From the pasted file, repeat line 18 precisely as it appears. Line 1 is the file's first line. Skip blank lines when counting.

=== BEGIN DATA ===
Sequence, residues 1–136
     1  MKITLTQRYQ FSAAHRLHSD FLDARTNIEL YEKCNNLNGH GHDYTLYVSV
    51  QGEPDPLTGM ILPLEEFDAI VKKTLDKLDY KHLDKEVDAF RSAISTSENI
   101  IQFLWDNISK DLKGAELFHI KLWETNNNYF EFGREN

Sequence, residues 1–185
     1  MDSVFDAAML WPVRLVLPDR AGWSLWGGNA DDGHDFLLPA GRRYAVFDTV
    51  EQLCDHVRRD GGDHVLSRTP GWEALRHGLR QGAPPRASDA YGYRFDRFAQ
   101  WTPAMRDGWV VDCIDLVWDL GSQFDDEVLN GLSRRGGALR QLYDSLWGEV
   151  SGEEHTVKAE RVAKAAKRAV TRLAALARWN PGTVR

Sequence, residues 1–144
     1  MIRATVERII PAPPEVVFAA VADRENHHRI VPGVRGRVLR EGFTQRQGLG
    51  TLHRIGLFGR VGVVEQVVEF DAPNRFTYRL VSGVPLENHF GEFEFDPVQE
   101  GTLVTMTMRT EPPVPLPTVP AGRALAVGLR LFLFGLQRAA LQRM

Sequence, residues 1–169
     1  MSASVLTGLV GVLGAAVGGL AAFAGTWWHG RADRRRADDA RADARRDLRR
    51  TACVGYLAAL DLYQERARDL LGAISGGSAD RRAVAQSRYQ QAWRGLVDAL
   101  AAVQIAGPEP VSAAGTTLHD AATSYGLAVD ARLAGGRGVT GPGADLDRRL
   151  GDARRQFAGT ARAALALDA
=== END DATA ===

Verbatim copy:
   151  GDARRQFAGT ARAALALDA